The magazine reported that "Almost 13 million users said they had never set, or didn't know about, Facebook's privacy tools." If that's true it means that more than 91 percent of Facebook users don't fall into that category, which strikes me as a pretty impressive statistic that Facebook ought to brag about. It's actually higher than the 85 percent of people who wear seat belts. And I'm proudly one of the "28 percent (that) shared all, or almost all, of their wall posts with an audience wider than just their friends." Being careful not to post information I don't want to share, I post almost everything to the public because I want to. While Facebook can be used to share privately or just to your friends, it can also be a way to share with the public. That's a good thing if that's what you want to do, and if the other statistics are true, then the vast majority of those 28 percent clearly know what they are doing.
Even though its statistics are more positive than the story Consumer Reports tells, I do have questions about what they actually asked. The magazine did not publish the survey instrument, nor would they agree to provide it to me when I asked their publicist. It's very unusual for companies that report on surveys not to provide a full report including a copy of the survey itself. One issue, for example, is the statement "Eleven percent of households using Facebook said they had trouble last year, ranging from someone using their log-in without permission to being harassed or threatened."
But the word "trouble" is vague and it's not at all clear what was in that "range" they're talking about. Also, according to Stanford Graduate School of Business Associate Professor Neil Malhotra, "One of the most commonly documented problems in surveys is acquiescence bias, or the tendency for respondents to simply agree or say yes to the interviewer's question." It's easy, he added "to lead people into saying that privacy is a problem if you simply ask, "Are you concerned about privacy?" It's better to "compare privacy to other concerns to set baselines." For more questions about their methodology, see Stephen Balkam's post here on The Huffington Post.
I would expect Consumer Reports, of all publications, to be completely transparent with its methodology.
There are some things in the Consumer Reports story that people may not know, such as "Facebook collects more than you may imagine." I don't know what people do imagine, but it's true that "Facebook gets a report every time you visit a site with a Facebook "Like" button." But that's also true for the companies that place most ads that appear on web pages or even pages that don't have third party ads. I wish Consumer Reports pointed out how true this is across the web. In fact, your Internet Protocol (IP address) is reported to every site you visit. That was true long before Facebook was founded and it's one of the ways law enforcement catches people who commit online crimes. I can look up the IP address of people who visit my websites, though without a court order it would be nearly impossible in most cases to identify them by name.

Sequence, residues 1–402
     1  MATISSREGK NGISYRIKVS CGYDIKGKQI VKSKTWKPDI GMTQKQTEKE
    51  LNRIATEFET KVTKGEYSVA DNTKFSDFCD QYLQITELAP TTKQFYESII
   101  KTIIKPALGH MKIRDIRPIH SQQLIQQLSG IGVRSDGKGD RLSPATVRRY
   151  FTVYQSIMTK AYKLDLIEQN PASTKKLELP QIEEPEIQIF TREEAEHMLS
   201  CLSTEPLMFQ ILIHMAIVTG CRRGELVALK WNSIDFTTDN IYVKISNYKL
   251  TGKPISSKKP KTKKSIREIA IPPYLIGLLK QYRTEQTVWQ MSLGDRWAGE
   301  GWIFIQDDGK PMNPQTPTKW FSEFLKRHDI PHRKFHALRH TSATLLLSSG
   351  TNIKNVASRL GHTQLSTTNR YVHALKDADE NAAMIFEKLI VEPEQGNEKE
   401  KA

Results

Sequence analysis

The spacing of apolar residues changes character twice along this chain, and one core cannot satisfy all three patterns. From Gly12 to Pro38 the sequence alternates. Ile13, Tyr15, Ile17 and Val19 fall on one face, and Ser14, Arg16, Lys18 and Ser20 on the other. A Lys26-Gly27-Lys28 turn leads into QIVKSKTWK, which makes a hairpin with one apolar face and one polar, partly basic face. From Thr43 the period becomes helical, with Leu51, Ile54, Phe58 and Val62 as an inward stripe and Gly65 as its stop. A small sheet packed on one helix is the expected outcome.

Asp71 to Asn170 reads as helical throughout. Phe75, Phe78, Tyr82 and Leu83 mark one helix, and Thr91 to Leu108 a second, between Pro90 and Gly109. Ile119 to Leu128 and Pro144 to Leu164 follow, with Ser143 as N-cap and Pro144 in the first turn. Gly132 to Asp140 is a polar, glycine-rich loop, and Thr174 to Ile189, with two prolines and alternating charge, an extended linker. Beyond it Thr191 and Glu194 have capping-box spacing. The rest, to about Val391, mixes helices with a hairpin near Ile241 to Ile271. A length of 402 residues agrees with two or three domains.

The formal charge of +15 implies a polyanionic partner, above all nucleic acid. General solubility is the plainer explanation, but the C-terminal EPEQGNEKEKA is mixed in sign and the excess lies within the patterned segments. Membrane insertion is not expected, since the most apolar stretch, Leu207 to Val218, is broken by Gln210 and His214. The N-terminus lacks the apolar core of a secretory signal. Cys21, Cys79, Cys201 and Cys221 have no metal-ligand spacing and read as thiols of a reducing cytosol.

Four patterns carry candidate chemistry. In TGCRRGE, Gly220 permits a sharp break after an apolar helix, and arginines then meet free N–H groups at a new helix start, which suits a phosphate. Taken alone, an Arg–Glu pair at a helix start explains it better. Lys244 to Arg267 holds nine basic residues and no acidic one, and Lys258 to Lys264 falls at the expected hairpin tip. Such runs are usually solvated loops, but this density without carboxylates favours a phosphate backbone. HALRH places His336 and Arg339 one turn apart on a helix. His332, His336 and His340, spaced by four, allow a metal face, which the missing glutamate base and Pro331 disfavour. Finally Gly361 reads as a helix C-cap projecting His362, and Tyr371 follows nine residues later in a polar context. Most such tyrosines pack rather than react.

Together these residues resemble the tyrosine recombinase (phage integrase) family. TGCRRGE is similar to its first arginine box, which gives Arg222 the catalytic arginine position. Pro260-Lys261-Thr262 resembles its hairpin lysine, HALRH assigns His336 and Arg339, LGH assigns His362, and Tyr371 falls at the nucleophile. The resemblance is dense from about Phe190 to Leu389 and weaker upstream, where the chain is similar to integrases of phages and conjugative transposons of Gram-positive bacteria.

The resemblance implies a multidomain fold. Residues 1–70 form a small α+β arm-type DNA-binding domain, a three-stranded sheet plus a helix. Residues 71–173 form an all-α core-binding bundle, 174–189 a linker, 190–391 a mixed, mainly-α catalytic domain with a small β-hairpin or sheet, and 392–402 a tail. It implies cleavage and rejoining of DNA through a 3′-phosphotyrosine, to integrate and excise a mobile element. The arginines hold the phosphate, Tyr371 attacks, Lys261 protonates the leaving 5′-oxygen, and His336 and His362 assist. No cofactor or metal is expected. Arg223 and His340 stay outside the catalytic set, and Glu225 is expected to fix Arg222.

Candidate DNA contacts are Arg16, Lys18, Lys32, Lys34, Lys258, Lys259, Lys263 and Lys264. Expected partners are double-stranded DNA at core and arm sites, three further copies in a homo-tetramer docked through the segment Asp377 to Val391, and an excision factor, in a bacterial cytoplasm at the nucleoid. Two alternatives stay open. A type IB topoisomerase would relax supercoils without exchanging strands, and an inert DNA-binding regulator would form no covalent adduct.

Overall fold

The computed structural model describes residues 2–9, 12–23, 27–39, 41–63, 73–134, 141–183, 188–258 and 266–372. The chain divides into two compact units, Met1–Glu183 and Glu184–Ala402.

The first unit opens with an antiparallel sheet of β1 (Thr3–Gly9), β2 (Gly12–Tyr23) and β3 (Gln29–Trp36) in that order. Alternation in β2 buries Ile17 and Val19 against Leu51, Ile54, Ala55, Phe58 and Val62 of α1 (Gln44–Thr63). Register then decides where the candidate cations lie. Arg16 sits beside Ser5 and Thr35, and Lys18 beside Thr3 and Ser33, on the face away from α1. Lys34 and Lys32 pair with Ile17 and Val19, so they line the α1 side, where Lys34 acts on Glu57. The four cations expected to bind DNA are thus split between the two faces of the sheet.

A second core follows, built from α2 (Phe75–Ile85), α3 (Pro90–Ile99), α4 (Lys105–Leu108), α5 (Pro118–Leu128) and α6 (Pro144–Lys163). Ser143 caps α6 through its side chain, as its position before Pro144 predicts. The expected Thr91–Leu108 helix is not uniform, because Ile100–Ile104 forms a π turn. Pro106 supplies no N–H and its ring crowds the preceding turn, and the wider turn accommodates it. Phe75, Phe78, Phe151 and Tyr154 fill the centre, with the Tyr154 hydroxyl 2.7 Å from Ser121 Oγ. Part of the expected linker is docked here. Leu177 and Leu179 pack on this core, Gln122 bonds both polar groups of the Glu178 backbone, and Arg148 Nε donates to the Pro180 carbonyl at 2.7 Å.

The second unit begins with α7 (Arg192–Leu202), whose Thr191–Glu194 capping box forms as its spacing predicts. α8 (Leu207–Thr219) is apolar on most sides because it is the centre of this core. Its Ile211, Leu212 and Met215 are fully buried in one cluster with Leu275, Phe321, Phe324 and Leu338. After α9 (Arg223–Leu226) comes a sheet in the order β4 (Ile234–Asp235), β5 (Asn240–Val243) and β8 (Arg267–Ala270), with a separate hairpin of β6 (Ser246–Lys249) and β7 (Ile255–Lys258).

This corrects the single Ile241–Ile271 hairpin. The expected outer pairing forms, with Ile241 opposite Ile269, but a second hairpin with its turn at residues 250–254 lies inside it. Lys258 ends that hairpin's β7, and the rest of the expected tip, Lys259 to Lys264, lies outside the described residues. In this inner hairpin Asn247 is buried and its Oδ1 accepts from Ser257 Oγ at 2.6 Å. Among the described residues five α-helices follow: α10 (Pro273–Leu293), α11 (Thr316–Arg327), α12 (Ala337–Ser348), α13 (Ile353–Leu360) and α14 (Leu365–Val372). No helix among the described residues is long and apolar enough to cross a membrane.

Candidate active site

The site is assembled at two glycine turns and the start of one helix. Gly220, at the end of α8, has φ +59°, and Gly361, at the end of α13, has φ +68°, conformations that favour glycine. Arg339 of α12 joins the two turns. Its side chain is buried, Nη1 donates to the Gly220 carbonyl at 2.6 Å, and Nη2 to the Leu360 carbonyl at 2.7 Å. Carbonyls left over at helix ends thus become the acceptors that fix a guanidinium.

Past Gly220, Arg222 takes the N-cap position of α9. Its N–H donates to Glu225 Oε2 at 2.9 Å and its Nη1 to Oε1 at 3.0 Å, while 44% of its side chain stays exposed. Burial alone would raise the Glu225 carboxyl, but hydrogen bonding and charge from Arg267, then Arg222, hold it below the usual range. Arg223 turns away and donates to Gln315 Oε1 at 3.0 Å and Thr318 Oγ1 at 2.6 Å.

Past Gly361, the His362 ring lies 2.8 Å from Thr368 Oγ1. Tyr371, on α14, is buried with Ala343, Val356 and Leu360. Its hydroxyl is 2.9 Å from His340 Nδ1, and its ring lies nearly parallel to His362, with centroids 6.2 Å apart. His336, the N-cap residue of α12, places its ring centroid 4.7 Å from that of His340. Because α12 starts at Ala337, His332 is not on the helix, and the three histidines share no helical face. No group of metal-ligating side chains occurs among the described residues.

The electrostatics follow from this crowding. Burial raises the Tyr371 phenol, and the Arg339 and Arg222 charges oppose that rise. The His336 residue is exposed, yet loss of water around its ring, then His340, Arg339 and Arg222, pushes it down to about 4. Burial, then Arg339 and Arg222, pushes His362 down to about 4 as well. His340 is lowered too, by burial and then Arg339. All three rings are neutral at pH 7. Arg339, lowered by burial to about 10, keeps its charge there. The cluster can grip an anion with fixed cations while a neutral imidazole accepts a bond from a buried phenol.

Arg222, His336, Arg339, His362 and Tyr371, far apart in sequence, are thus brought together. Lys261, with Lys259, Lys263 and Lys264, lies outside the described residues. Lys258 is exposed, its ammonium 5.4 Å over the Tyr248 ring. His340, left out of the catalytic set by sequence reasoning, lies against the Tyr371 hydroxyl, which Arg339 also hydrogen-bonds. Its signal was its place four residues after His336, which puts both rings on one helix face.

As my ConnectSafely.org co-director Anne Collier pointed out in her post at NetFamilyNews, Consumer Reports' nonprofit advocacy arm, Consumer Union, is pushing for stronger privacy laws. While there may be a place for legislation, I agree with Anne that "new laws as solutions all by themselves perpetuates a false dependency."
Always room for more consumer awareness
There is a lot more in this extensive report and much of it is worth considering. We do need to be aware that when we install third party apps, we are sometimes giving them permission to share our information, but we also need to know that Facebook has ways to limit and control that information. And Consumer Reports is absolutely correct that employers, insurers, the IRS, colleges and criminals can see what you post publicly on Facebook and might possibly use it against you. That's important for people to know and it's one of the reasons Anne Collier and I wrote A Parents Guide to Facebook, and why Facebook has extensive privacy controls.
Just as we have learned to use the safety features built into cars, washing machines and garbage disposals, we do need to learn to use Facebook, Google +, Yahoo, email, cell phones and other technologies in ways that help us control our information. It's what we call digital literacy and it's essential knowledge for thriving in the 21st century.